Bali has traditionally held the crown as Indonesia’s biggest tourist attraction. In 2012, according to Indonesia’s tourism ministry, some 3.2 million visitors out of 8 million tourists headed to the magical isle with its sparkling beaches, kinetic nightlife and mystical Hindu culture.
In terms of the highest star-hotel room-occupancy rate, however, records show that one other destination beat Bali. Jogjakarta (the official name is Yogyakarta, but is commonly pronounced as Jogjakarta, or the local endearment, Jogja), in the southern part of Indonesia’s Central Java province, notched 65.62 percent in 2012 against Bali’s 63.2 percent.
Jogja’s profile as a star tourist destination can only rise higher with the recent inauguration of thrice-weekly flights to the city by Silk Air, the regional wing of Singapore Airlines. From Changi Airport, Silk Air now flies Mondays, Fridays and Sundays to Jogja’s Adisucipto International Airport using its 180-seater Airbus A319s and A320s, which have both Business and Economy classes (12 seats in Business class).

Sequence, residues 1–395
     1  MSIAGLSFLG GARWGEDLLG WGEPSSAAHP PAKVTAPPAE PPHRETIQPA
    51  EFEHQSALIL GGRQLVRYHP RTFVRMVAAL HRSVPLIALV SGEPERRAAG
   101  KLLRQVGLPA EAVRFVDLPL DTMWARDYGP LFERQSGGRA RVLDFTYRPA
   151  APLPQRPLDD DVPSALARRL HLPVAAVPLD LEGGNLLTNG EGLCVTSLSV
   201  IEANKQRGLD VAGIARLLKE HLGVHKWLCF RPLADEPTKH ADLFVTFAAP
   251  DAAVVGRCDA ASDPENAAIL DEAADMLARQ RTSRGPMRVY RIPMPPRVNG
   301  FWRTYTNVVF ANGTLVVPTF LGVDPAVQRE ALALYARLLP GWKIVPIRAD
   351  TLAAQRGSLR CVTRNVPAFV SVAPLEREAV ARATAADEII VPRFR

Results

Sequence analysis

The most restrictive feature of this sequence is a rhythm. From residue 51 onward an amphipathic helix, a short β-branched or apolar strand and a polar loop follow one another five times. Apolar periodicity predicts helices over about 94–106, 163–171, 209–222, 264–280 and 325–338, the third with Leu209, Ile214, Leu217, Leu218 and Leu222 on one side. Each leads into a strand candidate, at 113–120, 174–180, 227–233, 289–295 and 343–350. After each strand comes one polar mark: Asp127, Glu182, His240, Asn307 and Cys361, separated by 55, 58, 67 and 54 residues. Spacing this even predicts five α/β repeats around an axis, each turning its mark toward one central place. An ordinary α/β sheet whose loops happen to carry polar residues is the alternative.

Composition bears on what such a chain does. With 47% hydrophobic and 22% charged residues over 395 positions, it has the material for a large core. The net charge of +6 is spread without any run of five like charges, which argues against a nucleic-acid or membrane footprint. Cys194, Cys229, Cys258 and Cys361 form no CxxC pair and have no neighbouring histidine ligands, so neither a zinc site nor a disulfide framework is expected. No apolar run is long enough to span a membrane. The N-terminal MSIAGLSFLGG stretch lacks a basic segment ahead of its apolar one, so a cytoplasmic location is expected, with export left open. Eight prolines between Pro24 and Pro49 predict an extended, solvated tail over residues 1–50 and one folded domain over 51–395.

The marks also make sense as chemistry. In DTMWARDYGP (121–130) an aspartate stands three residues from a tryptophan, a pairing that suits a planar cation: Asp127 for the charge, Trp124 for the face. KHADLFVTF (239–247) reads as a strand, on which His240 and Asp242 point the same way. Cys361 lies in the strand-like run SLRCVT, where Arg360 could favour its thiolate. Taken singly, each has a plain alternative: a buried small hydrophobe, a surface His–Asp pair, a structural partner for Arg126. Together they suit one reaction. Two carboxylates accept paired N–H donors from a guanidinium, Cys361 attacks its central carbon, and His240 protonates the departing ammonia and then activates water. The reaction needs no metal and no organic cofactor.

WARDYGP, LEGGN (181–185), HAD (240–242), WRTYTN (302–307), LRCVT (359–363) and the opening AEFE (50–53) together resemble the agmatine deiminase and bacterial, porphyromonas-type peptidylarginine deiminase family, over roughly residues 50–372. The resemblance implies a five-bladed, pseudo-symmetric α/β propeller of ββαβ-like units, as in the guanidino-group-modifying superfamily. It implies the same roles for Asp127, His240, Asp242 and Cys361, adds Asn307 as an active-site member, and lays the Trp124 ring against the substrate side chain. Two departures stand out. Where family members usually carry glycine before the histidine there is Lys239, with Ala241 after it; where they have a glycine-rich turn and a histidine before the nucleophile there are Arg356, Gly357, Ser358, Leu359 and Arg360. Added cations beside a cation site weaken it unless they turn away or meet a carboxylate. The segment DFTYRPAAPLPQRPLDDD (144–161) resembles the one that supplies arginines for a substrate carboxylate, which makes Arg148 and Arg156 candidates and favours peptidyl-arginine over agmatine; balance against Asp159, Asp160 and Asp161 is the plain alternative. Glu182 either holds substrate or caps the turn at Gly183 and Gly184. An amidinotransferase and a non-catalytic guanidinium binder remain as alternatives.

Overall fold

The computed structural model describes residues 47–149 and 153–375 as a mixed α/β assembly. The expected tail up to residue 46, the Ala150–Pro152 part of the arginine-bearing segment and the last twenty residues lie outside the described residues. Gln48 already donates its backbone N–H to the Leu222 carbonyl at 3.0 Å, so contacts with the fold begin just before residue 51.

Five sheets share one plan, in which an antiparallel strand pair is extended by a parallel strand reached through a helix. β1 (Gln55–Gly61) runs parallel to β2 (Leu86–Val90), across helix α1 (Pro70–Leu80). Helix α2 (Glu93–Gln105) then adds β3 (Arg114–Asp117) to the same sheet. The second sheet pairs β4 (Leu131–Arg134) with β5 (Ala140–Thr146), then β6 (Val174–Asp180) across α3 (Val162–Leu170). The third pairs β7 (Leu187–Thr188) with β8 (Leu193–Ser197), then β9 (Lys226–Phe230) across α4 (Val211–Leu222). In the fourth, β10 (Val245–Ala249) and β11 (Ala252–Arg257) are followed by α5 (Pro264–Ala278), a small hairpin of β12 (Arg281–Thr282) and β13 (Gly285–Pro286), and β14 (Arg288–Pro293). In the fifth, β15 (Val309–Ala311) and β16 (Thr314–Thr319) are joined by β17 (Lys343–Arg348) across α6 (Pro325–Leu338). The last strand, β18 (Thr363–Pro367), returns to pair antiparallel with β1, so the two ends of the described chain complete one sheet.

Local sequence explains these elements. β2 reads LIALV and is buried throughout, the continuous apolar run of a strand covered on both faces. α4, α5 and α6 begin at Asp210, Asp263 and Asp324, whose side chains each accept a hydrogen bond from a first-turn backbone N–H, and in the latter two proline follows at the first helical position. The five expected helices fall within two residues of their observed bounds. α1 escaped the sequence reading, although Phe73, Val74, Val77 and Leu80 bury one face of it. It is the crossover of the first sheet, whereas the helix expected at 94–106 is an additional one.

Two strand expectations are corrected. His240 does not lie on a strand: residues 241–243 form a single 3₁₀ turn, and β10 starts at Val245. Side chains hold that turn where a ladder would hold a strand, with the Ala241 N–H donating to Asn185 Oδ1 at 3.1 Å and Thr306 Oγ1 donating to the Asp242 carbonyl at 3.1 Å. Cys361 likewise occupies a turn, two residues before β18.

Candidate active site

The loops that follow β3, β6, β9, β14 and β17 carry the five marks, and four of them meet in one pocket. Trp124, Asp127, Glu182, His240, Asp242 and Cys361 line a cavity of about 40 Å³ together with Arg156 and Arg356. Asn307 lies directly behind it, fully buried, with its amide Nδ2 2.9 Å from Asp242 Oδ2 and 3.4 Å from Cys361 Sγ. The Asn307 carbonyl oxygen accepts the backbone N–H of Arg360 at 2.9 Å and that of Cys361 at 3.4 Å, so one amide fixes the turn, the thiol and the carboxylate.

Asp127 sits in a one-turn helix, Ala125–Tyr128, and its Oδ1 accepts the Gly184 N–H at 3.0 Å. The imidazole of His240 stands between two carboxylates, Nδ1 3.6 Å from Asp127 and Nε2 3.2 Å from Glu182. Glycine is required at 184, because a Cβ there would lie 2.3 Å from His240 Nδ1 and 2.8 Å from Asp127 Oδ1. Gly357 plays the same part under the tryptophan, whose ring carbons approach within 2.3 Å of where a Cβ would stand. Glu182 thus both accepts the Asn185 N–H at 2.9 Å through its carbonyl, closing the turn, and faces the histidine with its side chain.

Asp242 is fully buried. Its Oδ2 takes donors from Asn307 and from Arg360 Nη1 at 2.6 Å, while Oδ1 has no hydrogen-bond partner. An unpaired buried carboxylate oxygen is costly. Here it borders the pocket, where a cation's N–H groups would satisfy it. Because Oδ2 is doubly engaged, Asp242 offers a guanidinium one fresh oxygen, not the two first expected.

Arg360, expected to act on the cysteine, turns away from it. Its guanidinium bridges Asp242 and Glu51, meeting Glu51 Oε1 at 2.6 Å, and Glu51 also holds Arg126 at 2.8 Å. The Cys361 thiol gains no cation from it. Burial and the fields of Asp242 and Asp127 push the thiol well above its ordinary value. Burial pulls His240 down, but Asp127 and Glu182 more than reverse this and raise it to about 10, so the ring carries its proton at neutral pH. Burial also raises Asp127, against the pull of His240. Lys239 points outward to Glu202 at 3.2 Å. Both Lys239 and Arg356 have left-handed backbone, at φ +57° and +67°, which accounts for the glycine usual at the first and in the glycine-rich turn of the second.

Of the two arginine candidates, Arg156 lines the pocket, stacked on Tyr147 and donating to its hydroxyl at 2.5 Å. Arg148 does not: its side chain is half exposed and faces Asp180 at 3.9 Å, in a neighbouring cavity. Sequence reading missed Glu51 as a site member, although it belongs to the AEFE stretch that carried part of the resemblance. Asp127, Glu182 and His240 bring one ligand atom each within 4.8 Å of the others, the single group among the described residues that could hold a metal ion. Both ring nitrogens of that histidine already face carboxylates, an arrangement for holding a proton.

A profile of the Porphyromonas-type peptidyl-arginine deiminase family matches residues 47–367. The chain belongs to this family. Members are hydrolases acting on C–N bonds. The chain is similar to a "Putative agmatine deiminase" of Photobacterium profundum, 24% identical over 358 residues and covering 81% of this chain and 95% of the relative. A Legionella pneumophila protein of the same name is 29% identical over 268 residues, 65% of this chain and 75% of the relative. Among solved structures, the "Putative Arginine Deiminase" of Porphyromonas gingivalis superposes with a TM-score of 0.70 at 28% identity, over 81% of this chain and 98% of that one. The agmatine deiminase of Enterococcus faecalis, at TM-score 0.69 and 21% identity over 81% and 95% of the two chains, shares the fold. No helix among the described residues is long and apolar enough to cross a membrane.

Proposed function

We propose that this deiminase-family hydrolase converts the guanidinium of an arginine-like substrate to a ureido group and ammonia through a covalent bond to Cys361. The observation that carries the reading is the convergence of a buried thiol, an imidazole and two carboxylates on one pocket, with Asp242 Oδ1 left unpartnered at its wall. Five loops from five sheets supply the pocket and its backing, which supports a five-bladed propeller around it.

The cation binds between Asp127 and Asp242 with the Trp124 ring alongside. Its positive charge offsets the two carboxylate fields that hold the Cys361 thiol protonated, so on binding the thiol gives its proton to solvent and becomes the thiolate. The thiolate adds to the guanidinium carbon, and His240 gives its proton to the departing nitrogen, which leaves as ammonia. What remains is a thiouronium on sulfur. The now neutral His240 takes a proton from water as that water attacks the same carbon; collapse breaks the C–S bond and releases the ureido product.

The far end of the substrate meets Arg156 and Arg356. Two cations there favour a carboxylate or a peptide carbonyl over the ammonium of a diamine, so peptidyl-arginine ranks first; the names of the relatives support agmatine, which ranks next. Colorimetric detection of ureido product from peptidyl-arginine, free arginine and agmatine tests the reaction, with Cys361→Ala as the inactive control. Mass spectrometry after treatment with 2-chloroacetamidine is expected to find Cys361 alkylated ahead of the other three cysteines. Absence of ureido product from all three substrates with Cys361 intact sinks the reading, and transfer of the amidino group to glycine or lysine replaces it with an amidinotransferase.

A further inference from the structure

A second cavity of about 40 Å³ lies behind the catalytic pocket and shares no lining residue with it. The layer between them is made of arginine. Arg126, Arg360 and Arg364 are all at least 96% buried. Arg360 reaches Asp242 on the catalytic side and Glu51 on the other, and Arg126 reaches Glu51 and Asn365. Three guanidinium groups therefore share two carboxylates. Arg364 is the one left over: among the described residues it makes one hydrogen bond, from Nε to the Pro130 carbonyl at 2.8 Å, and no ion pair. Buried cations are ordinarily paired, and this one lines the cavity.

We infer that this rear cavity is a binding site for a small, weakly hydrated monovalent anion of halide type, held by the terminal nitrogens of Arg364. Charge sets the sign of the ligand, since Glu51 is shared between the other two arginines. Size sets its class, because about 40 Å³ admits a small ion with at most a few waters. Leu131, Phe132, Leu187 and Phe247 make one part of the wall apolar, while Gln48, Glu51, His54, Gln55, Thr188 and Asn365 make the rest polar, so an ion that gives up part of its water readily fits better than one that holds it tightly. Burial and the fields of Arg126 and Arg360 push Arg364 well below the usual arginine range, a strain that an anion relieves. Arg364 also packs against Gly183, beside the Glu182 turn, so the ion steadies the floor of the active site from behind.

The flights, in other words, while a mere one hour and 20 minutes from Changi to Jogja, are not budget flights but the same premium-amenity, full-service experience—gourmet inflight meals, wider seats and legroom, online check-in—that have made Silk Air’s parent company Singapore Airlines a legend in the business, and which have also won for Silk Air the Regional Airline of the Year honors in the Air Transport News 2013 Awards. (In the Philippines, Silk Air flies to Changi from Cebu and Davao.)
The brief flying time vastly improves on the typical eight-hour bus ride one had to take from Jakarta, Indonesia’s capital, to reach the land that’s often called the cradle of ancient Javanese civilization, the heartland of nearly everything one has come to associate with traditional Indonesian arts, history and culture: the riot of batik, the music of the gamelan, the silverworks, the kris, the wayang kulit shadow puppetry, the languorous dances and, not least, the monumental temples of Borobudur and Prambanan.
Filipino and Asian travelers who’ve had their fill of Angkor Wat in Cambodia, or the sights and sounds of Bangkok in Thailand, should make space in their itinerary for Jogjakarta, if only for the two Unesco World Heritage sites in its midst.